We report the results of mitochondrial and nuclear DNA analyses of skeletal remains exhumed in 2005 at Frombork Cathedral in Poland, that are thought to be those of Nicolaus Copernicus (1473-1543). The analyzed bone remains were found close to the altar Nicolaus Copernicus was responsible for during his tenure as priest. The mitochondrial DNA (mtDNA) profiles from 3 upper molars and the femurs were identical, suggesting that the remains originate from the same individual. Identical mtDNA profiles were also determined in 2 hairs discovered in a calendar now exhibited at Museum Gustavianum in Uppsala, Sweden. This calendar was the property of Nicolaus Copernicus for much of his life. These findings, together with anthropological data, support the identification of the human remains found in Frombork Cathedral as those of Nicolaus Copernicus. Up-to-now the particular mtDNA haplotype has been observed only 3 times in Germany and once in Denmark. Moreover, Y-chromosomal and autosomal short tandem repeat markers were analyzed in one of the tooth samples, that was much better preserved than other parts of the skeleton. Molecular sex determination revealed that the skeleton is from a male individual, and this result is consistent with morphological investigations. The minimal Y-chromosomal haplotype determined in the putative remains of Nicolaus Copernicus has been observed previously in many countries, including Austria, Germany, Poland, and the Czech Republic. Finally, an analysis of the SNP located in the HERC2 gene revealed the C/C genotype that is predominant in blue-eyed humans, suggesting that Copernicus may have had a light iris color.

Keyword
eye-color marker, hairs, human remains, identification, mitochondrial and nuclear DNA
National Category
Medical and Health Sciences
Identifiers
urn:nbn:se:uu:diva-107559 (URN)10.1073/pnas.0901848106 (DOI)000268440200016 ()19584252 (PubMedID)
Available from: 2009-08-17 Created: 2009-08-17 Last updated: 2017-12-13
3. An Analysis of the Alleged Skeletal Remains of Carin Göring
Open this publication in new window or tab >>An Analysis of the Alleged Skeletal Remains of Carin Göring
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2012 (English)In: PLoS ONE, ISSN 1932-6203, E-ISSN 1932-6203, Vol. 7, no 12, e44366- p.Article in journal (Refereed) Published
Abstract [en]

In 1991, treasure hunters found skeletal remains in an area close to the destroyed country residence of former Nazi leader Hermann Göring in northeastern Berlin. The remains, which were believed to belong to Carin Göring, who was buried at the site, were examined to determine whether it was possible to make a positive identification. The anthropological analysis showed that the remains come from an adult woman. The DNA analysis of several bone elements showed female sex, and a reference sample from Carin's son revealed mtDNA sequences identical to the remains. The profile has one nucleotide difference from the Cambridge reference sequence (rCRS), the common variant 263G. A database search resulted in a frequency of this mtDNA sequence of about 10% out of more than 7,000 European haplotypes. The mtDNA sequence found in the ulna, the cranium and the reference sample is, thus, very common among Europeans. Therefore, nuclear DNA analysis was attempted. The remains as well as a sample from Carin's son were successfully analysed for the three nuclear markers TH01, D7S820 and D8S1179. The nuclear DNA analysis of the two samples revealed one shared allele for each of the three markers, supporting a mother and son relationship. This genetic information together with anthropological and historical files provides an additional piece of circumstantial evidence in our efforts to identify the remains of Carin Göring.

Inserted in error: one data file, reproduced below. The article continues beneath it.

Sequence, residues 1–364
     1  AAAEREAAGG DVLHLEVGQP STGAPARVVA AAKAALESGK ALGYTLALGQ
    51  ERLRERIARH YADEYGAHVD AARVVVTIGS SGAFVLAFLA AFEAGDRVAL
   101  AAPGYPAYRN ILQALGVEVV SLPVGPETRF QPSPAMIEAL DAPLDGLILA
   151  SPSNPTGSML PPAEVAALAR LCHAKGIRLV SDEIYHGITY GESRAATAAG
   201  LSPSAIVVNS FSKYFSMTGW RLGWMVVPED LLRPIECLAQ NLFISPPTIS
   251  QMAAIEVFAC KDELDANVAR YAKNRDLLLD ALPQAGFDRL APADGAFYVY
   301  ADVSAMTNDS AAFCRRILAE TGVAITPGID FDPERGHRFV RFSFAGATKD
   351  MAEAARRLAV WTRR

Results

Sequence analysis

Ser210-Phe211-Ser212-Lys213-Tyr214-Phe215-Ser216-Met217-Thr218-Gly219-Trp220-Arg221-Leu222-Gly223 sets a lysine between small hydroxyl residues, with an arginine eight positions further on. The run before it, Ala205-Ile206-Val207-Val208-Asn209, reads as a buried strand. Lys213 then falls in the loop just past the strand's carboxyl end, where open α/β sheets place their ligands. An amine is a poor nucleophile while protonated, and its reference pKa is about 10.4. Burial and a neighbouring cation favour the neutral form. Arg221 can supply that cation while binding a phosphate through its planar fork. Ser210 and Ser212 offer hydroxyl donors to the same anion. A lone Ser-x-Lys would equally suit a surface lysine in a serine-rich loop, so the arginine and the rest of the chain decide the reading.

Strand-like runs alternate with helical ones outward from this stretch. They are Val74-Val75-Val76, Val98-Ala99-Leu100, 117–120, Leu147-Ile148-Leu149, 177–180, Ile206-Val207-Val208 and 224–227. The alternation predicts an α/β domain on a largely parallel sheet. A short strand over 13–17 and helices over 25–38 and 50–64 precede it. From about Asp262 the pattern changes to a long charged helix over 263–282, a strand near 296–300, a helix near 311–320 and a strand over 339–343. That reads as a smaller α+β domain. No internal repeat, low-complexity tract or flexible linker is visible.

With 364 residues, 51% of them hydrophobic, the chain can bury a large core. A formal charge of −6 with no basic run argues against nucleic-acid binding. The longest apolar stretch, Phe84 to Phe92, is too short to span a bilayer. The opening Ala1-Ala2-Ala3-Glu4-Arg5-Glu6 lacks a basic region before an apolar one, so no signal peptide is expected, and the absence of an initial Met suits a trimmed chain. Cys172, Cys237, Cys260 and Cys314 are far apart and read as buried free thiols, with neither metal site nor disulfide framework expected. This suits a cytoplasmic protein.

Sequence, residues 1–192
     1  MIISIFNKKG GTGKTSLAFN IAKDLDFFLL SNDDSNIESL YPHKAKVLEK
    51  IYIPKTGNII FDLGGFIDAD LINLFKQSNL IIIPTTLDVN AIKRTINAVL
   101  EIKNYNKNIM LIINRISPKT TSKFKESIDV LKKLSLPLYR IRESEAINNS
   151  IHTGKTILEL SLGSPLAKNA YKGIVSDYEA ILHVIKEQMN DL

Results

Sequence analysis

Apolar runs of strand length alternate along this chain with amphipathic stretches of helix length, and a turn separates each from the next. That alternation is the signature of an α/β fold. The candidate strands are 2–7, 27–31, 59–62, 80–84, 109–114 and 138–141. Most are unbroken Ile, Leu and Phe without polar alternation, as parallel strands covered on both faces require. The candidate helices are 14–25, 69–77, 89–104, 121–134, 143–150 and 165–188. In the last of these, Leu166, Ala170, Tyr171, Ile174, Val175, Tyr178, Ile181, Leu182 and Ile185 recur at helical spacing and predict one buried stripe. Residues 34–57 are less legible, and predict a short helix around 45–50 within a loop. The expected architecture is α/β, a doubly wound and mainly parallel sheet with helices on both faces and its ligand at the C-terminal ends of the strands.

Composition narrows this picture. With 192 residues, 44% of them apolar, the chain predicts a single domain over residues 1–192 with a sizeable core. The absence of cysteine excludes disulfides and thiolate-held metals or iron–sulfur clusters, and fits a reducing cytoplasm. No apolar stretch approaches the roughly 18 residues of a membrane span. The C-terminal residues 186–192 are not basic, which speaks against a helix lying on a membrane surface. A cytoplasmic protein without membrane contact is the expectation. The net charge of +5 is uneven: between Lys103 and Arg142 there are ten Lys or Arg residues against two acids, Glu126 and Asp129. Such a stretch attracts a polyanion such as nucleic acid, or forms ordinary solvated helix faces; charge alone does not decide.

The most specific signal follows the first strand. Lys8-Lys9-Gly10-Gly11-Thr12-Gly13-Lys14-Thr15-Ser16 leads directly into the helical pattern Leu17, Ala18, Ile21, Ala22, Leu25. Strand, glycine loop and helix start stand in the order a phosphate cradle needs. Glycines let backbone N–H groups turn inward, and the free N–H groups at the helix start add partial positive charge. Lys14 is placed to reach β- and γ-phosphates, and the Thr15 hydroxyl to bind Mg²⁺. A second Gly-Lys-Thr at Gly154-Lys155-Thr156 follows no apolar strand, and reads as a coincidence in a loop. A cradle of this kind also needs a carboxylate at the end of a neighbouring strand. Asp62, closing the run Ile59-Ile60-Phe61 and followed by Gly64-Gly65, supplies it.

National Category
Medical and Health Sciences
Identifiers
urn:nbn:se:uu:diva-192064 (URN)10.1371/journal.pone.0044366 (DOI)000312694300001 ()
Available from: 2013-01-17 Created: 2013-01-15 Last updated: 2017-12-06Bibliographically approved
4. Mitochondrial DNA analysis of a Swedish Medieval mass grave
Open this publication in new window or tab >>Mitochondrial DNA analysis of a Swedish Medieval mass grave
(English)Manuscript (preprint) (Other academic)
National Category
Natural Sciences
Research subject
Genetics
Identifiers
urn:nbn:se:uu:diva-209964 (URN)
Available from: 2013-10-29 Created: 2013-10-29 Last updated: 2014-01-23Bibliographically approved
5. Mitochondrial DNA analysis of the human remains found on the Vasa warship
Open this publication in new window or tab >>Mitochondrial DNA analysis of the human remains found on the Vasa warship
(English)Manuscript (preprint) (Other academic)
National Category
Natural Sciences
Research subject
Genetics
Identifiers
urn:nbn:se:uu:diva-209966 (URN)
Available from: 2013-10-29 Created: 2013-10-29 Last updated: 2014-01-23Bibliographically approved